Hundreds gather to celebrate and sing in memory of Westerly shooting victim
"My sister would have loved this," Tracey Cardinal said as she watched her niece Morgan Bettencourt belt out a ballad in memory of her mother, dancing around in a flowing black and gold sequined dress the 47-year-old left behind.
"She should have been here."
Just a few weeks prior, Julie Cardinal wore the same sparkling dress to a Christmas party in Westerly where she was, as always, the center of the room.
"She was like a disco ball in that dress," said friend Andrea Herring. "But that was her no matter what she had on or what she was doing, she was the life of the party."
Less than a month after lighting up the room at the party, Julie Cardinal was killed by a resident of the subsidized housing complex where she worked as an office manager. Cardinal had been working at Babcock Village, a 151-unit facility for the elderly and disabled in Westerly, for just two months when 66-year-old Joseph Giachello shot her, her co-worker and another resident.
Giachello, who had been threatened with eviction and had a history of homicidal threats, legally bought a gun in Rhode Island on Dec. 17, and two days later opened fire in the complex office, fatally striking Cardinal and wounding two others before turning the gun on himself, police say.
Cardinal, a lifelong resident and mother of four, had just taken the job. She transferred from a position in Newport to shorten her commute and escape the stress and danger she faced from disgruntled residents at her old job, her fiancé, Chuck Ramsey, said Friday.
"She took this job to feel safer," Ramsey said, his eyes welling up with tears.
On Friday, a week after Julie Cardinal's life was cut short, hundreds gathered at the Westerly Yacht Club to celebrate her life. The sound of live music filled the halls as dozens of friends and family members took to the stage to sing her favorite songs: "Bed of Roses" by Bon Jovi, "The Rose" by Bette Midler and anything by her idol, Stevie Nicks.
As the crowd filled multiple rooms at the club, Cardinal's mother, Holly, thanked guests for coming to honor her daughter's memory, but quickly reminded everyone that the event was meant to celebrate her life, not mourn her tragic death. "Stop the crying and start the music," she said.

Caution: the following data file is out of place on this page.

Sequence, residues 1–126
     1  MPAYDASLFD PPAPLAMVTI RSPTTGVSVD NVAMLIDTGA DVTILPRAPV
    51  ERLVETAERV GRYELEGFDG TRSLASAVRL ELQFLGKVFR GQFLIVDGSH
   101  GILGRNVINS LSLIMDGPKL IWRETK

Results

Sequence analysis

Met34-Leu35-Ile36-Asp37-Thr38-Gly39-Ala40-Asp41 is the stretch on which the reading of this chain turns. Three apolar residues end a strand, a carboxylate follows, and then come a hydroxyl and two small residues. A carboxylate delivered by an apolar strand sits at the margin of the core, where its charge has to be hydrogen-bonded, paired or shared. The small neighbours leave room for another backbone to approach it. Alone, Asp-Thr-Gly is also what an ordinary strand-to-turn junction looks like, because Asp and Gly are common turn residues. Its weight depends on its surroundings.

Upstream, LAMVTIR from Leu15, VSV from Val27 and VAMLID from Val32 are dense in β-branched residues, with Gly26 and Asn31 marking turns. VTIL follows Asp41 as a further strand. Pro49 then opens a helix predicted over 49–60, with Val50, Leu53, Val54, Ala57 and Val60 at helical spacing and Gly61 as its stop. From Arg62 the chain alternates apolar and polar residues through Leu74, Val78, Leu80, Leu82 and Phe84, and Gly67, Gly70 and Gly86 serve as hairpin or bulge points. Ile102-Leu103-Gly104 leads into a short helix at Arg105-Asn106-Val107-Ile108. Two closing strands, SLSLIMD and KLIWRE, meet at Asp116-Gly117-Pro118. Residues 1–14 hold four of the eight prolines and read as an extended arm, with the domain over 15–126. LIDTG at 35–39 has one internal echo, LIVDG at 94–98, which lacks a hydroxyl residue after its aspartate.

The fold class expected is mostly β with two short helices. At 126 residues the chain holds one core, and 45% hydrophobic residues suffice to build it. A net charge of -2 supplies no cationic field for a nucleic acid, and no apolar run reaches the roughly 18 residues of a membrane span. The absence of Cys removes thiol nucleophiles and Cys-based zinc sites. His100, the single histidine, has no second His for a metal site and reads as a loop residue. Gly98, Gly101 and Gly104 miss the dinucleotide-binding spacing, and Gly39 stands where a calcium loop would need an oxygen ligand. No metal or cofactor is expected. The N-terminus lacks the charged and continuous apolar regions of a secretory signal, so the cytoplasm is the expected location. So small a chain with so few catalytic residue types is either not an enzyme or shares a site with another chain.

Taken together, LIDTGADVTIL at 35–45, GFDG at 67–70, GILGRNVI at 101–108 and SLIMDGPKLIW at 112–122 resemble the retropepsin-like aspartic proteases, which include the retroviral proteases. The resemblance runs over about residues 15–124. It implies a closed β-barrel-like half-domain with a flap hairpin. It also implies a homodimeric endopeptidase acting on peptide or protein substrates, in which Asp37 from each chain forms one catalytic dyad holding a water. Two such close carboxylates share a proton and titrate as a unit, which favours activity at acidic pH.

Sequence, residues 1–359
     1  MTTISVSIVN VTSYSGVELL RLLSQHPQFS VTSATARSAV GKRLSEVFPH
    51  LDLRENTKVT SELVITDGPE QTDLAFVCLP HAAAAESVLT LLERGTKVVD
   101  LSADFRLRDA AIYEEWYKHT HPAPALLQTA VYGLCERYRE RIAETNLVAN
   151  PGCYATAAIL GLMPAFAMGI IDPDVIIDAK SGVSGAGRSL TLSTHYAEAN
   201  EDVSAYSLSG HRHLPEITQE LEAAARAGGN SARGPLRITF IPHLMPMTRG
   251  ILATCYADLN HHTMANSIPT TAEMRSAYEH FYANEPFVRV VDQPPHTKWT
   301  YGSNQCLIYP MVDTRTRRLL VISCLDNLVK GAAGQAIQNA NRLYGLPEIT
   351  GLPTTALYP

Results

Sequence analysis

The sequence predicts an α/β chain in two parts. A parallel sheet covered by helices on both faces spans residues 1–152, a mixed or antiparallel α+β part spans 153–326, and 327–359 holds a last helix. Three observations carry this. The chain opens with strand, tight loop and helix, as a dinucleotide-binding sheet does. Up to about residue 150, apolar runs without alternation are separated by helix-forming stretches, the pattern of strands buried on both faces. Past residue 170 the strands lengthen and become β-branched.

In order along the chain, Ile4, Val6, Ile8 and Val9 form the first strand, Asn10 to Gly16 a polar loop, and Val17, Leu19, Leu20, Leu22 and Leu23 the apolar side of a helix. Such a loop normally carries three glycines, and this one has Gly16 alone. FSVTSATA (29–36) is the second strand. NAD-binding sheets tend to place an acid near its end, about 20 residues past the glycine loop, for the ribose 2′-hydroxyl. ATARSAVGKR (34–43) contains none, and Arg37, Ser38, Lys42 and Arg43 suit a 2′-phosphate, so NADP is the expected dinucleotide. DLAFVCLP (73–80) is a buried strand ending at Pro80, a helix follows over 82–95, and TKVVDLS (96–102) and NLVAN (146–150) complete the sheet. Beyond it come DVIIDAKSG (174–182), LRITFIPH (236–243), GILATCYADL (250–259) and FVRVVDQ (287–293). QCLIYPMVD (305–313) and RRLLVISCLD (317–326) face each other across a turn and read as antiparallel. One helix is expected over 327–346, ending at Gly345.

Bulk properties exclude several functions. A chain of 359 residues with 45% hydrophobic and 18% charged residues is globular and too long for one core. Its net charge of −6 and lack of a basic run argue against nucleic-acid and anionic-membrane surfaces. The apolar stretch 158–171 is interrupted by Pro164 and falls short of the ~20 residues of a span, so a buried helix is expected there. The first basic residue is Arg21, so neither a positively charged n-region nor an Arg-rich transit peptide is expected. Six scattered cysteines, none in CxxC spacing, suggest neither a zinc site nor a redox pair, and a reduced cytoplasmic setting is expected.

Cardinal's former brother-in-law, Jamie Bruce, took to the stage first, with Bettencourt soon joining him to sing "Shallow" by Lady Gaga and Bradley Cooper.
"Like mother, like daughter," said longtime friend Christine Connelly as she watched Cardinal's second-oldest child sing. Cardinal, she recalled, was at her best with a microphone in her hand.
The celebration, said her sister, was exactly what Cardinal would have wanted.
"Julie loved nothing more than her kids and hearing her kids sing," she said. "She loved music. That's why it was so important to have this here, we wouldn't be able to feel Julie in the room without music."
To make sure there was room for all those who wanted to sing in Julie's honor, a makeshift stage was set up inside the yacht club, brightly decorated with dozens of colorful scarves that belonged to Cardinal, below which hung canvases adorned with her vibrant paintings.
To the side of the stage, a television screen played a slideshow of photos of Cardinal with her children, her fiancé and her many friends. All throughout the yacht club, framed photos showed Cardinal smiling brightly; in one she rode a light blue bike, wearing a cowboy hat; in another she lounged in a pool float with her sunglasses on; in many, she dressed in elaborate costumes for Halloween, Christmas and Mardi Gras.
"There are 420 photos in the slideshow and 85 framed and I still couldn't get everybody that Julie loved in the photos," said her sister, who looked around admiring how much the celebration showcased her sister's personality and showed how many lives she touched.
"She's going to leave such a big hole because her personality was so big," she said. "She was this huge ball of energy, everybody knew her."